BB: I am pretty much the same person now as I was when I got into the profession. I would like to think I am wiser and a better teacher now having gone through the rigors of recruiting, learning about the sport, and teaching through a trial and error process. Most good coaches go through this process because each kid brings a new challenge and that is what I like about my profession, and I think I am getting better at that every year. I think my gift is the ability to get kids to understand what I am trying to teach them.

Having a wife and kids now has changed my view on many topics in my profession, but the passion to help kids reach their dreams and goals on and off the track still burns inside me.

L&S: Which event is the most challenging for you and why?

BB: Each event has its issues but the most common difficulty is teaching someone hammer from the very start. We are so limited in time with the NCAA calendar, and hammer takes probably the most time in terms of repetitions in the early development phase. The indoor season creeps up on us very fast, and the worst thing to do is have your kids throw the weight for long-term development of the hammer. Getting shot/discus kids to understand how not to drag the hammer in such a short time is probably the biggest challenge because they want to see instant results, especially when it comes to early season. That is the nature of competition. Our system is pretty much backwards for newcomers but not bad for kids who understand the event later in their development.

Javelin can be difficult as well. Fortunately, there is more time to work on technique, and most of your javelin throwers are not doing another event. First, I have found unlearning years and years of baseball, softball and football throwing mechanics is the biggest challenge. Second, understanding how to fall into your plant and not push into the plant is tough. Finally, getting kids to understand how to stay healthy whether it be how to dress and warm-up during practice, working on technique (not trying to kill most of the time), and paying attention to the details of all of the conditioning facets of how to train for the event.

L&S: Can you give us an overview of your training strategies?

BB: From a throwing standpoint, I am a big advocate of as many correct repetitions as possible. Most workouts do not necessarily have a flat bottom number of throws. I try to get as much quality out of a session as I can in terms of just general training. Some workouts may be long if we can keep putting good numbers into the bank but can be very short if the brain and body do not work with each other on a given day. If we have a long throwing session, I might lighten up the lifting session or vise-versa for a short session. I do treat the javelin differently. I am much more cautious and not very lenient on "oh just one more coach". Health is everything in the javelin, and I just have to have a different mindset when I coach that event. To use an analogy, you can only drive a car into a wall so many times before it breaks. In terms of multiple event athletes, I do have to keep an eye on number of repetitions a little bit because there is only so much fuel in the tank for the whole session of the day and the amount of mileage you can put on a car in a given year or over a long haul of a career. As you can see, I like to use analogies in my teaching.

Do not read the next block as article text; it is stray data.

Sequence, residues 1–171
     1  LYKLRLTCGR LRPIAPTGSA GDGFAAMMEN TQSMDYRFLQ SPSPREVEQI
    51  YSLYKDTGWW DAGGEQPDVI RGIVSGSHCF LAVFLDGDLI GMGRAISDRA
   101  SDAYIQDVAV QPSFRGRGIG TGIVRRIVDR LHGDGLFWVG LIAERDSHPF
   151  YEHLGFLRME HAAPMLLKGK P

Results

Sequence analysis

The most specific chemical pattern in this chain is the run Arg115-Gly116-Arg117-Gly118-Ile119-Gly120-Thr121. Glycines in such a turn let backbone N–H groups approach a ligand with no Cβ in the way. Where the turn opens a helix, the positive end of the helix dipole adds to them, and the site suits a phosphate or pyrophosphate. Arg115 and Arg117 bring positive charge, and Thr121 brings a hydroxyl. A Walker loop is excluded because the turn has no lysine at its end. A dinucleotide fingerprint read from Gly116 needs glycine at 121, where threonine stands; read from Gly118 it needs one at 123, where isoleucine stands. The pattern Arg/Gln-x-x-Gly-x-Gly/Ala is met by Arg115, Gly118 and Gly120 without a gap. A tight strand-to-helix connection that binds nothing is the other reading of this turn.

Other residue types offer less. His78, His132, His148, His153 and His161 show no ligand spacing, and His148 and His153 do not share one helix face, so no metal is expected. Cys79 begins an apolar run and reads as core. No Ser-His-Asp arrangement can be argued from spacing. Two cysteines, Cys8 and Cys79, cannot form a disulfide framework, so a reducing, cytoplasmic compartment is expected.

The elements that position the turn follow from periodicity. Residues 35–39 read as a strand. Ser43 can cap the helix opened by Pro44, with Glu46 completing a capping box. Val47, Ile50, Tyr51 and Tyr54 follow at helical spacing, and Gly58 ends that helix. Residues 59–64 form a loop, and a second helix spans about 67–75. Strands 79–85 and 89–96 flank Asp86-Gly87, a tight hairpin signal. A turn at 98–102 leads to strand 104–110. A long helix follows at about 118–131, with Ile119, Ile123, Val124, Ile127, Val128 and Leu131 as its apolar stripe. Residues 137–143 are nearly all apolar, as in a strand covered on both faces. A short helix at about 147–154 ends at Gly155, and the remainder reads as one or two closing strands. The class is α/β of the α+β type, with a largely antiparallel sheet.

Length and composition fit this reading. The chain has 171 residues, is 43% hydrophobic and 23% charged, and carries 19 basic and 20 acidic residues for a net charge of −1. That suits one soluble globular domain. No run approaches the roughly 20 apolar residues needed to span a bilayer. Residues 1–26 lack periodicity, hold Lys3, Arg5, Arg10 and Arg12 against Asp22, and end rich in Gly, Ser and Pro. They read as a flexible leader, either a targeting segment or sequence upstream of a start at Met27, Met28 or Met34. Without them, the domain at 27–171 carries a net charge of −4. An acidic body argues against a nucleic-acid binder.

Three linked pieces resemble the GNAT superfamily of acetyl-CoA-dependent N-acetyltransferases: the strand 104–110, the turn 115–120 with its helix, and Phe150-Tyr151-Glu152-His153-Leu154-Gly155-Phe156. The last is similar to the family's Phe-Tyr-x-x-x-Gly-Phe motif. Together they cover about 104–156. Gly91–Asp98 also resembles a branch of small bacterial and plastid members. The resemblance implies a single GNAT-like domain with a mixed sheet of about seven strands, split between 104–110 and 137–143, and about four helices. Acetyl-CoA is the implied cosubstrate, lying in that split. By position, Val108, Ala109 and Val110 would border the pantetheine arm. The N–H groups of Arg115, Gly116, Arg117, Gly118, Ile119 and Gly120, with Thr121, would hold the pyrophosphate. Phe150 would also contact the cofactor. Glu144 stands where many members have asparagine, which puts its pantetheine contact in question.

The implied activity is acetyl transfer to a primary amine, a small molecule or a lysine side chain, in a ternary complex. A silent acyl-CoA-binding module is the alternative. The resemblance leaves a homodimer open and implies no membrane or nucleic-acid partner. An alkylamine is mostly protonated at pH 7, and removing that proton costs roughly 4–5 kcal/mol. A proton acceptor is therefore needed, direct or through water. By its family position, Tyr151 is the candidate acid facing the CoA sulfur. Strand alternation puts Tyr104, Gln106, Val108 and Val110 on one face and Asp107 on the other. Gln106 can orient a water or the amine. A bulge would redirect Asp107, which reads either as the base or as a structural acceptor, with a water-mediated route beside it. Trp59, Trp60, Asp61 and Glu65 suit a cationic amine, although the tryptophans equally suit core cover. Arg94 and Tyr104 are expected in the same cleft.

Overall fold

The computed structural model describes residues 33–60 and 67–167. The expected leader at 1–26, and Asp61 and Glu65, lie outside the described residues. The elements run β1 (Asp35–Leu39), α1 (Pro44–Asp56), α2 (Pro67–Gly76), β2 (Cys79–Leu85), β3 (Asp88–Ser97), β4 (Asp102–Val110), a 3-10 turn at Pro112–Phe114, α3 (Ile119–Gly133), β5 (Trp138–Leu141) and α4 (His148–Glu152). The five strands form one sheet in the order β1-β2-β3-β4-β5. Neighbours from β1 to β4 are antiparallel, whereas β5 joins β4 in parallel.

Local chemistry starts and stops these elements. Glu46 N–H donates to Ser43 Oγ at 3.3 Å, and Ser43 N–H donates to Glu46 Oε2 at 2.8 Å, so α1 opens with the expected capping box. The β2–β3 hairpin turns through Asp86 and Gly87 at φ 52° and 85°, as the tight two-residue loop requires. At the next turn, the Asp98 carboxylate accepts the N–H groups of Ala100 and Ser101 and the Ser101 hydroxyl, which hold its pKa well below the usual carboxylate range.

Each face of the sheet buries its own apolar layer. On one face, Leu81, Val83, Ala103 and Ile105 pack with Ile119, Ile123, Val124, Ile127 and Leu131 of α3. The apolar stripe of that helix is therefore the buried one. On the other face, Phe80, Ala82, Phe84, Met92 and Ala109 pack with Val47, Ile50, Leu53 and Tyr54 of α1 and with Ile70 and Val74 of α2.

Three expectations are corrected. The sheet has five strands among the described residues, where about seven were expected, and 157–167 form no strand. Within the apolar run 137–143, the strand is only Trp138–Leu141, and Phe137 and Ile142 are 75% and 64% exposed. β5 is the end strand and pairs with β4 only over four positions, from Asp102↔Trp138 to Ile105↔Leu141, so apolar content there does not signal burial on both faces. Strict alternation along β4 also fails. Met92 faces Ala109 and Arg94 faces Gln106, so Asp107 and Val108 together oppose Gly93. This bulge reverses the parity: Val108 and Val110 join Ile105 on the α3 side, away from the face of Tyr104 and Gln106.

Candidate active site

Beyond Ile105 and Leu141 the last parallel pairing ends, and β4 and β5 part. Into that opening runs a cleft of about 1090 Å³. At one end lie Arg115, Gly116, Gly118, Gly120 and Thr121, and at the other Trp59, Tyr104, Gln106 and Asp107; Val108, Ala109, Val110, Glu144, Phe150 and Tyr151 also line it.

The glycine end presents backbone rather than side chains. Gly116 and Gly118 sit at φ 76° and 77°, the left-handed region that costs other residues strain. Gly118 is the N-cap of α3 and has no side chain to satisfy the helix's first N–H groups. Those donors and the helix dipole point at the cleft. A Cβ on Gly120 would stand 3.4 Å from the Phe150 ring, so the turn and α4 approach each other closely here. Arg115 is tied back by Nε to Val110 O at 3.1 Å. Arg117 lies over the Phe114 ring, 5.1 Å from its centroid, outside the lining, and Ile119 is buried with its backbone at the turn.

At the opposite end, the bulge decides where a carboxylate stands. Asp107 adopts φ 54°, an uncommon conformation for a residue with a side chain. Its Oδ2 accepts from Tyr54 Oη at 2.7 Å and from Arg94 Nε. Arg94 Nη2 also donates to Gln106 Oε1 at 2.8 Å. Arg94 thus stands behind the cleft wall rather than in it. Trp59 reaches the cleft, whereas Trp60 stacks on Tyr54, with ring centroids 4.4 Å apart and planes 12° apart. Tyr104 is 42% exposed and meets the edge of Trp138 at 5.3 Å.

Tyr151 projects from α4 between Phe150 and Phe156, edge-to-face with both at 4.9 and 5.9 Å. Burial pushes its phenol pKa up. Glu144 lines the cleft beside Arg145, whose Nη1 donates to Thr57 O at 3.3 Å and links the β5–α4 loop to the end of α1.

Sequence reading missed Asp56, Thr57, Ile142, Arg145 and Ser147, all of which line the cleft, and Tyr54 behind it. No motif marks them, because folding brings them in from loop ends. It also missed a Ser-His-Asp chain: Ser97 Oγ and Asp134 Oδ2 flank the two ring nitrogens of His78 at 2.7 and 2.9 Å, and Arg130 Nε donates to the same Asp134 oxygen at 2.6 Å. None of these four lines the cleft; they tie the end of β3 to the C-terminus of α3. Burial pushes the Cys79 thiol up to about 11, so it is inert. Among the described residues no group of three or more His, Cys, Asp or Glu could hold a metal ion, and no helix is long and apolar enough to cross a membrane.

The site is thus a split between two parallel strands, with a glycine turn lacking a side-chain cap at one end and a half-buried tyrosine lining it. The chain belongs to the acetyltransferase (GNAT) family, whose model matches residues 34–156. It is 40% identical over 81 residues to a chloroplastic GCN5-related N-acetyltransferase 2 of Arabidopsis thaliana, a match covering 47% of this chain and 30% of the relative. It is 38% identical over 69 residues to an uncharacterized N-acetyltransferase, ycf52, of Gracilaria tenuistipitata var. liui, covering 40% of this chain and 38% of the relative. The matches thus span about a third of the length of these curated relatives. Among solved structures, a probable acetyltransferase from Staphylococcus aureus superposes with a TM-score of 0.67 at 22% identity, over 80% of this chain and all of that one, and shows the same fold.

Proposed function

I always tell my kids make something positive happen every day, and you are bound to improve. If you have a bad throwing session, kick some butt in the weight room, get positive reinforcement in a film session, or just catch up on some sleep. Whatever it is, you make something good happen everyday.

L&S: What advice would you give throwers looking to break into the profession, and young coaches looking to climb the ladder?

BB: Well, if you are looking to get into the profession these days, try to get your foot in the door wherever you can. The problem becomes can you or are you willing to do what it takes to stay in the profession financially? Most entry-level jobs require some supplemental income. Once you do get in, try to network with a lot of different coaches, not necessarily just throws coaches. When it gets down to it, this is a who-you-know business. A great way to do this is attend as many seminars/clinics as you can, meeting and learning as much as you can about the profession and the sport. People will notice, no matter what level, the programs that consistently get kids to improve and have success. L&S